‘Don’t stand by’, Mencap’s report on how police services tackle hate crime, published during Learning Disability Week, shows that this is a fairly common problem. Based on a survey of 15 police services across England and one focus group of people with a learning disability, it reveals some good practice, but also that improvement is needed.
The majority of police services surveyed acknowledged that hate crime against people with a learning disability was more common than against other disabled people, and that actual numbers of incidents were higher than those recorded. However, the report shows a general lack of police understanding of disability hate crime and that there’s no clear strategy in place to tackle it.
While police services have a wide range of channels available for reporting hate crime, only a small number mentioned links with partner agencies, which is worrying, as often people with a learning disability prefer to report incidents to someone they have an existing relationship with.
All of the issues raised in ‘Don’t stand by’ are ones that the three-year ‘Stand by me’ campaign aims to tackle. The first year of the campaign will focus on the police, with the aim of getting them to make a commitment to tackling disability hate crime and collecting figures in a consistent way – to reveal the true extent of the problem.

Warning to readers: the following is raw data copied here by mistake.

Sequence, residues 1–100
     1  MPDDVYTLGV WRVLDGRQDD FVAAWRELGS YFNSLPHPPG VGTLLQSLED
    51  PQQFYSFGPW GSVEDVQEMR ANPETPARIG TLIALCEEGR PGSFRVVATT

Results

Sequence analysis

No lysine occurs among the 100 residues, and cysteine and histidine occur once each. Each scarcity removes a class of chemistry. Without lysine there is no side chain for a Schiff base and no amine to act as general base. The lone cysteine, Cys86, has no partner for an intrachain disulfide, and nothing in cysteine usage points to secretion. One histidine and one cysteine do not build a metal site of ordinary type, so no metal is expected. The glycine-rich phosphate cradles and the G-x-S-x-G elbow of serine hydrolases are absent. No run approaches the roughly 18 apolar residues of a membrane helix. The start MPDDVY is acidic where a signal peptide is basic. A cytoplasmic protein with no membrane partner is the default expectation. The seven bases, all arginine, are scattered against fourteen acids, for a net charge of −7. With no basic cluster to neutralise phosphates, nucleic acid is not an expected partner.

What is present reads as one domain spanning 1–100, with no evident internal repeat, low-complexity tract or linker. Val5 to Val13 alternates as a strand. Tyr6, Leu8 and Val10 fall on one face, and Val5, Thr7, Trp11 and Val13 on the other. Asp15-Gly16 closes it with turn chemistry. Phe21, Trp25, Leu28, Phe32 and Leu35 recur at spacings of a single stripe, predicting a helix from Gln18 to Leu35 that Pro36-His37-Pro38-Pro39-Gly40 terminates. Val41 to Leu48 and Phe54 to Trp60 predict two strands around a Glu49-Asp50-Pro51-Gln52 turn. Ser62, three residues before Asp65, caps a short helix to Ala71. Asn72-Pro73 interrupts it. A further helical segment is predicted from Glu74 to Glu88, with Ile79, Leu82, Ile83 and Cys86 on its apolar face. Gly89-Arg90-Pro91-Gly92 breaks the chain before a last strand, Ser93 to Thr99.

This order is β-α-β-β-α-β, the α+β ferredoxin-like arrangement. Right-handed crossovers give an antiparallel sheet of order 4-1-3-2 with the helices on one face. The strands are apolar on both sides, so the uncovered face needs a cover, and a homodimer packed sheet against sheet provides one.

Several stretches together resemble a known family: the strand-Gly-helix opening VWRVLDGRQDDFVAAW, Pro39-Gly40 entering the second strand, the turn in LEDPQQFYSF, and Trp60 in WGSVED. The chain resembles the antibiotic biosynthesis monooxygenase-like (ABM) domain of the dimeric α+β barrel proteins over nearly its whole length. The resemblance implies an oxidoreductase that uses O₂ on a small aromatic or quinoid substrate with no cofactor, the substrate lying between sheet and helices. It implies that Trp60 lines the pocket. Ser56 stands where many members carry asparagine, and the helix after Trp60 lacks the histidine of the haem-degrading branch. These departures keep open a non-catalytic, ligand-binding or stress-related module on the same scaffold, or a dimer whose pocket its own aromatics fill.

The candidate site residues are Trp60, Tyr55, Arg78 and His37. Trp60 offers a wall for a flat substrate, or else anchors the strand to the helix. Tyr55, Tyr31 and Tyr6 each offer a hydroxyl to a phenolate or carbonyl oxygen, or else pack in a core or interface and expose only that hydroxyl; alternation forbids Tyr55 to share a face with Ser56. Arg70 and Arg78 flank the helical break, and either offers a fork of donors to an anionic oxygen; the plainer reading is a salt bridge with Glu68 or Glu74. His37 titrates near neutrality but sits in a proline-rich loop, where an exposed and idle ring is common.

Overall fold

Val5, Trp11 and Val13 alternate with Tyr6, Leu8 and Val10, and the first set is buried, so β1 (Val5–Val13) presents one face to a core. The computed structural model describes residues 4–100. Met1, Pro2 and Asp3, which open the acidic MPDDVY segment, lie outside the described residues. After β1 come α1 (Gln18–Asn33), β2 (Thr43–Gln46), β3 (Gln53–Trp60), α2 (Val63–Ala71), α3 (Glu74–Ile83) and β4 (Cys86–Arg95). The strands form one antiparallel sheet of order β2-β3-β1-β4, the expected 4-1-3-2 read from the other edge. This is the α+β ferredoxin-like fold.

Mencap has come up with a set of ten police promises, which set out the good practice that ‘Don’t stand by’ showed was required. There are 43 police forces in the UK and 17 of those have signed up.
But it’s not just about signing up. “This is more than just a PR exercise for the police,” says Mark. “This is something that we want to work with police on, to make sure we are getting the response we want for people with a learning disability.” Mencap will encourage feedback on police services that are signed up to the police promise, to ensure that changes are being implemented.
In the second and third years, the focus will be widened out to look at supporting victims of hate crime through the courts and the criminal justice system as a whole. “It’s about that joined-up approach, right through from when a crime is reported to a prosecution,” explains Mark. “That should include the government and their leadership on it, with the legislation and the guidance that they give to the police, the courts, the Crown Prosecution Service and the way they prioritise disability hate crime.”
But while legislation and regulation are important, as Katharine Quarmby says in ‘Scapegoat’, “hearts and minds take longer to change”. She believes “the atmosphere in which we live today is poisoned, by discrimination and violence against disabled people, and the fear and contempt in which so many hold them”.
‘Stand by me’ is aiming to encourage all of us to change that. “We want to be able to influence people’s attitudes,” finishes Mark Gale. “We’re asking people to work together with people with a learning disability – be that the police, families, carers or the general public – and end hate crime.”
Find out more about the 'Stand by me' campaign
Read the ‘Don’t stand by’ report